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Low-income jobs not enough to pay for housing

Second of two parts

As Levi Johnson, a 28-year-old homeless man living in Port Orchard, walks the streets during the day dumpster diving and smoking the butts of discarded cigarettes, he said he thinks constantly of how he might get his life together.

“I’d apply for jobs if I had a phone number or an address or ID,” Johnson said.

According to Johnson, whose name has been changed, he worked in a Purdy pizzeria before he succumbed to heroin addiction and homelessness. As of last week, he said he was going to ride a bus to Silverdale to work on obtaining a Social Security card and identification since his was stolen on the street years ago.

“If I had it, I could get a job,” Johnson said. “I want to work.”

However, at minimum wage, he still might not be able to afford housing in Kitsap County.

Affordable housing

As of March 2004, the average apartment in Kitsap County rented for $731 per month. According to the National Low-Income Housing Coalition (NLIHC), average rents for various apartment sizes in Kitsap County were:

• $491 per month for a studio;

• $616 per month for an typical one-bedroom apartment;

• $689 per month for a two-bedroom, one-bath apartment;

• $803 for two-bedroom, two-bath; and,

• $912 for a standard three-bedroom, two-bath apartment.

To understand what this means for low-income families, imagine a “typical” scenario — the situation facing a single mother with two children earning a wage of $8.46 per hour — $1,466 per month. The average two-bedroom, one-bath apartment rents for $689 per month, nearly half of her monthly income.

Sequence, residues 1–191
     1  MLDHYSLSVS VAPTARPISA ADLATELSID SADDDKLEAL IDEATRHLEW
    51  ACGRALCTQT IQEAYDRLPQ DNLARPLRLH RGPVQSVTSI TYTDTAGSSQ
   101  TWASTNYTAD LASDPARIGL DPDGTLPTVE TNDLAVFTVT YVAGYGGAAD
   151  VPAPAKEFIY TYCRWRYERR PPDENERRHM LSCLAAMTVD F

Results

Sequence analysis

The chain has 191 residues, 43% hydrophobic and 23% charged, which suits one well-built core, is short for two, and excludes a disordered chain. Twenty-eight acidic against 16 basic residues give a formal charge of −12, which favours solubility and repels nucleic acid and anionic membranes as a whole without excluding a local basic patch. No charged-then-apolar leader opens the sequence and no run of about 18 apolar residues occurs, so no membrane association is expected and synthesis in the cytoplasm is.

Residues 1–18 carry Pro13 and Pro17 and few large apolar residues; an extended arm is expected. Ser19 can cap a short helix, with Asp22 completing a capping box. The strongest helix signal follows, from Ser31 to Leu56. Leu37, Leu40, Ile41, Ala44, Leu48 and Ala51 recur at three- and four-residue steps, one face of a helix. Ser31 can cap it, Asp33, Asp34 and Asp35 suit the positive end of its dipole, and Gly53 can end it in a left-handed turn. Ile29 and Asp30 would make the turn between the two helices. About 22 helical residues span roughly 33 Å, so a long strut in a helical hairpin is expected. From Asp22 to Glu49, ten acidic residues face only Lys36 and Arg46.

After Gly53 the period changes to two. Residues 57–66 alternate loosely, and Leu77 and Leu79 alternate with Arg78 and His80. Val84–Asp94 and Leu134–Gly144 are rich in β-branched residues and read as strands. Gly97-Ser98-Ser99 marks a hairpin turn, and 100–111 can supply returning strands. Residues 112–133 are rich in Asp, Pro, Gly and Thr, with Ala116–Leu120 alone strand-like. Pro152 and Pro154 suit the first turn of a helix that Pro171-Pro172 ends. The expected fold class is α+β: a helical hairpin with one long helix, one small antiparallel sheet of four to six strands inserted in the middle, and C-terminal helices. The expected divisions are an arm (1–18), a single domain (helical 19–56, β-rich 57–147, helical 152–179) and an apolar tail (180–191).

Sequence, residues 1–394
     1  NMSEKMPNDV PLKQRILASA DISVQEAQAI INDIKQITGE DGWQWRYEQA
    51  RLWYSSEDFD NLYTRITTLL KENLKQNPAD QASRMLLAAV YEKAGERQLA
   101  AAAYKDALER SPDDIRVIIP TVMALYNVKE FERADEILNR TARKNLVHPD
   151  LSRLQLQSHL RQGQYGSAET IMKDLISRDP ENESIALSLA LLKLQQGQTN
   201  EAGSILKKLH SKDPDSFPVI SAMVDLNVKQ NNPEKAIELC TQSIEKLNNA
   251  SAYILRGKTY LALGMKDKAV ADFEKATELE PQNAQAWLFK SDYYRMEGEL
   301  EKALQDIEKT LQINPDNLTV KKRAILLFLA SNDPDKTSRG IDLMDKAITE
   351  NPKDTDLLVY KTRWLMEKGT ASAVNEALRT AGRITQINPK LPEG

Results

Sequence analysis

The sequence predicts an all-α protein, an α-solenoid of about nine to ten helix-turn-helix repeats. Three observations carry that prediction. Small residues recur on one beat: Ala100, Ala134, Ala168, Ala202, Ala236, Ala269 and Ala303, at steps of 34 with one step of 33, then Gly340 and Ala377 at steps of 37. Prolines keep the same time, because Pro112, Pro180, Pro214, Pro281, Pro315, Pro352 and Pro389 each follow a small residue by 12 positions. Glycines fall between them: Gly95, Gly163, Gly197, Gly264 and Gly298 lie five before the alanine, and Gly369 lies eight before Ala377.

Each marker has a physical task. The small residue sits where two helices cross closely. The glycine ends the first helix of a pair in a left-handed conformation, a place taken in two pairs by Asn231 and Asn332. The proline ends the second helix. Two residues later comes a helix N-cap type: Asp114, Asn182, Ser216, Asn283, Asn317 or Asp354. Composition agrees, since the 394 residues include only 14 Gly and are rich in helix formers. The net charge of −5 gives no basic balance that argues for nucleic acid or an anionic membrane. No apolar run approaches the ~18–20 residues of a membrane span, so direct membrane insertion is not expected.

Using standard affordability guidelines, the Housing Assistance Program at Kitsap Community Resources computes the average hourly wage for 40 hours a week required for a two-bedroom unit in Kitsap County is approximately $15 per hour.

In a new report by the NLIHC, Out of Reach in 2004, not only can Americans receiving Supplemental Security Income as their sole source of income not afford Fair Market Rent, but neither can those considered part of the low-income bracket.

In Washington, an extremely low-income household — earning $18,816, or 30 percent of the Area Median Income of $62,721 — can afford a monthly rent of no more than $470, while the Fair Market Rent for a two-bedroom unit is $788.

A minimum wage earner — earning $7.16 per hour — can afford a monthly rent of no more than $372.

An SSI recipient — receiving $564 monthly — can afford a monthly rent of no more than $169, while the Fair Market Rent for a one-bedroom unit is $620.

In Washington, a worker earning the minimum wage must work 82 hours per week in order to afford a two-bedroom unit at the state’s median Fair Market Rent.

In Kitsap County, an extremely low-income household — earning $19,050, or 30 percent of the Area Median Income of $63,500 — can afford monthly rent of no more than $476, while the Fair Market Rent for a two bedroom unit is $764.